"At this point, if the president came out in favor of breathing, [Republican leaders would] tell their caucus members to hold their breaths."--Jared Bernstein

                        by bjssp on Thu Aug 08, 2013 at 08:12:22 PM PDT

                        [ Parent ]

                        •  The major thing that people don't understand about (3+ / 0-)
                          Recommended by:
                          James Allen, MichaelNY, bjssp

                          Texas is that the only reason that Republicans win the state is because Anglo evangelicals are half of white voters (where we get 10-15% of the vote).

                          Democrats actually do very well with the other half of white voters, those who are not evangelical. Bill White, for instance, got 44% of these voters in 2010 of all years.

                          And here's the key: the Anglo evangelical population in Texas is shrinking, whereas the non-evangelical Anglo population is growing. We have nowhere to go but up with Anglos in Texas as was pointed out by jncca above.

                          And this is all the case in the context of not competing in Texas at all. If we starting investing, I would not be surprised to see us do better among non-evangelical whites and to see their turnout increase relative to the evangelical half. That combined with slightly better turnout among Hispanics and with better performance among African Americans (especially men, though this is a large problem with Hispanics w/r/t to the gender gap as well) is the key to us winning Texas.

                          And with Hillary it is entirely possible. Remember how Bill Clinton was the first black president? HRC has some very powerful resonance with the Texas Hispanic community because of her activist history in the state helping to register and turn out Hispanics for McGovern. Hispanics loved the Clintons, and they did so more than they ever have loved Obama. If we talk about Wendy Davis as being a statewide possibility, Hillary Clinton is at least a thousand times better a statewide option for Texas.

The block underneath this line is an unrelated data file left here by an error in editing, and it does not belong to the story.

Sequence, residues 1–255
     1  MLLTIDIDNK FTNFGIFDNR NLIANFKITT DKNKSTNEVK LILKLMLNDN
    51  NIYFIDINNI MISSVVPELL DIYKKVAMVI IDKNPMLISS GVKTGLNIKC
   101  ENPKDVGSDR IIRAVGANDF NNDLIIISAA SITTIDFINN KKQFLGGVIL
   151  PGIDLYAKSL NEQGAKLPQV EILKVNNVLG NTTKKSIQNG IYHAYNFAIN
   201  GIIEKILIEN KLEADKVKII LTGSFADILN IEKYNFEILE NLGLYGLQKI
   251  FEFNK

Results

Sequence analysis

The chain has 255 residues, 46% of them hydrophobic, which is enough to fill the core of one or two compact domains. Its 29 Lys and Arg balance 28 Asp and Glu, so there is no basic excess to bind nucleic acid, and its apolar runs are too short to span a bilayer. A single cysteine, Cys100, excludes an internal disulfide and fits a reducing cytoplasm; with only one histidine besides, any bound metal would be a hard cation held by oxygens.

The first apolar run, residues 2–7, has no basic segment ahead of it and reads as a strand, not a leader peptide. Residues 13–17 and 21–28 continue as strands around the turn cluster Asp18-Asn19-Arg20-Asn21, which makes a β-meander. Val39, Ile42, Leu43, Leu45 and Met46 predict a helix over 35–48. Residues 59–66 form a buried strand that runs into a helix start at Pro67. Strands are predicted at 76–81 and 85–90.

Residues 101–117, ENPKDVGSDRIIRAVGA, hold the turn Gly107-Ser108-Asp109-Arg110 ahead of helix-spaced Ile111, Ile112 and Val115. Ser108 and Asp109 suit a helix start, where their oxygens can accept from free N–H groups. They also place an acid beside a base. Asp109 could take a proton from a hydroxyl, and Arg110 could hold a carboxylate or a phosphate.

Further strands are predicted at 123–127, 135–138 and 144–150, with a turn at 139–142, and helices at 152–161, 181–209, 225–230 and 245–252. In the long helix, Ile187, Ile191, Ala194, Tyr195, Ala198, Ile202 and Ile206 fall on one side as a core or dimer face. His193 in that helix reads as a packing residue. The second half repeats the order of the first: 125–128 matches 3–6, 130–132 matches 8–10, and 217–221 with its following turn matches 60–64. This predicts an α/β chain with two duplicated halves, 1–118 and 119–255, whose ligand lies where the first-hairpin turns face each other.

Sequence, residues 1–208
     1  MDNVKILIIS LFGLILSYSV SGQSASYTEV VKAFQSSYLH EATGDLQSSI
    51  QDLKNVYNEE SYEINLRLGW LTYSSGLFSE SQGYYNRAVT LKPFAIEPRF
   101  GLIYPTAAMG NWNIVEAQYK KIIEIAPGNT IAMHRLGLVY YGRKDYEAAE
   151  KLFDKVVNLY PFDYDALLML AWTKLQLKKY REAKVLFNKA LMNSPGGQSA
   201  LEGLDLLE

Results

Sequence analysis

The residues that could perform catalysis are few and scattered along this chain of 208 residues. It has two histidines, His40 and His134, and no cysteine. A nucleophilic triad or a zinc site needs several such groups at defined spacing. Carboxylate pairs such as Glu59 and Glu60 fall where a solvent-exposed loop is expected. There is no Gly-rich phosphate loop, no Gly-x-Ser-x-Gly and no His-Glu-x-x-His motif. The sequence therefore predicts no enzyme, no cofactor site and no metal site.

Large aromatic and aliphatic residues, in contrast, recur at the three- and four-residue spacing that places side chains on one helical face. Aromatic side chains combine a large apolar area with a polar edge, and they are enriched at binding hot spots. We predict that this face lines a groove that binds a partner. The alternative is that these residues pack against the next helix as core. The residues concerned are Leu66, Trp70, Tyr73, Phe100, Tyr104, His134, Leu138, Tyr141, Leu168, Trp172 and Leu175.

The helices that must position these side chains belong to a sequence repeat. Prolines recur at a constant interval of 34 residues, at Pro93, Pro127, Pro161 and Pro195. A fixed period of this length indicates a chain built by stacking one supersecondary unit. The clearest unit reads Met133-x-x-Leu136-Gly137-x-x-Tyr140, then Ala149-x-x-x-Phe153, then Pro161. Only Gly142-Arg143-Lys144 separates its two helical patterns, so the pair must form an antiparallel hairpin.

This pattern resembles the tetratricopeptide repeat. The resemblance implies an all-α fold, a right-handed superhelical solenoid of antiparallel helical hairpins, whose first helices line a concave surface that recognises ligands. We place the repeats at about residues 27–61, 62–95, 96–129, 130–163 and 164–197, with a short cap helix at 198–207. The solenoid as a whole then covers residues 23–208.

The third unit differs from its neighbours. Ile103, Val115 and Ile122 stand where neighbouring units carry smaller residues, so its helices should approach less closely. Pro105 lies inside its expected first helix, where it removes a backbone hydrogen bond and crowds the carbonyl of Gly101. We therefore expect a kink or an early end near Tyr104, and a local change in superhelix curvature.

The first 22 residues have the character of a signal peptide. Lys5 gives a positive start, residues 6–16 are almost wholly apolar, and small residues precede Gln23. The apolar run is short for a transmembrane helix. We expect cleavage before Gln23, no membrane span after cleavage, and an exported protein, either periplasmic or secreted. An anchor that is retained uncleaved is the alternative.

23 Burkean Post Modern Gay Democrat; NM-2 (Raised), TX-20 (B.A. & M.A. in Political Science), TX-17 (Home); 08/12 PVIs

                          by wwmiv on Thu Aug 08, 2013 at 08:40:11 PM PDT

                          [ Parent ]

                          •  Thanks for your specific remarks (0+ / 0-)

                            as usual. But how do you measure the degree of love Hispanics felt for the Clintons vs. Obama?

                            Formerly Pan on Swing State Project

                            by MichaelNY on Thu Aug 08, 2013 at 09:18:36 PM PDT

                            [ Parent ]

                          •  electoral returns (1+ / 0-)
                            Recommended by:
                            MichaelNY

                            Clinton did better than Obama among Hispanics while doing worse nationwide in the context of a Democratic party that was cratering downballot.

                            Hillary completely destroyed Obama in Hispanic areas of the country, but the degree to which she destroyed him was substantially larger in Texas.

                            23 Burkean Post Modern Gay Democrat; NM-2 (Raised), TX-20 (B.A. & M.A. in Political Science), TX-17 (Home); 08/12 PVIs

                            by wwmiv on Thu Aug 08, 2013 at 09:44:15 PM PDT

                            [ Parent ]

                          •  Bill Clinton did better amongst Hispanics (1+ / 0-)
                            Recommended by:
                            MichaelNY

                            nationwide than Obama?

                            "At this point, if the president came out in favor of breathing, [Republican leaders would] tell their caucus members to hold their breaths."--Jared Bernstein

                            by bjssp on Thu Aug 08, 2013 at 10:23:59 PM PDT

                            [ Parent ]

                          •  Yes (1+ / 0-)
                            Recommended by:
                            MichaelNY

                            Exit polling had him in the 80s both cycles, iirc.

                            23 Burkean Post Modern Gay Democrat; NM-2 (Raised), TX-20 (B.A. & M.A. in Political Science), TX-17 (Home); 08/12 PVIs

                            by wwmiv on Thu Aug 08, 2013 at 11:07:21 PM PDT

                            [ Parent ]

                          •  You could also make an appeal to evangelicals (0+ / 0-)

                            that would probably help somewhat, although that's definitely along the lines of limiting the losses rather than trying to score wins. But if every vote counts...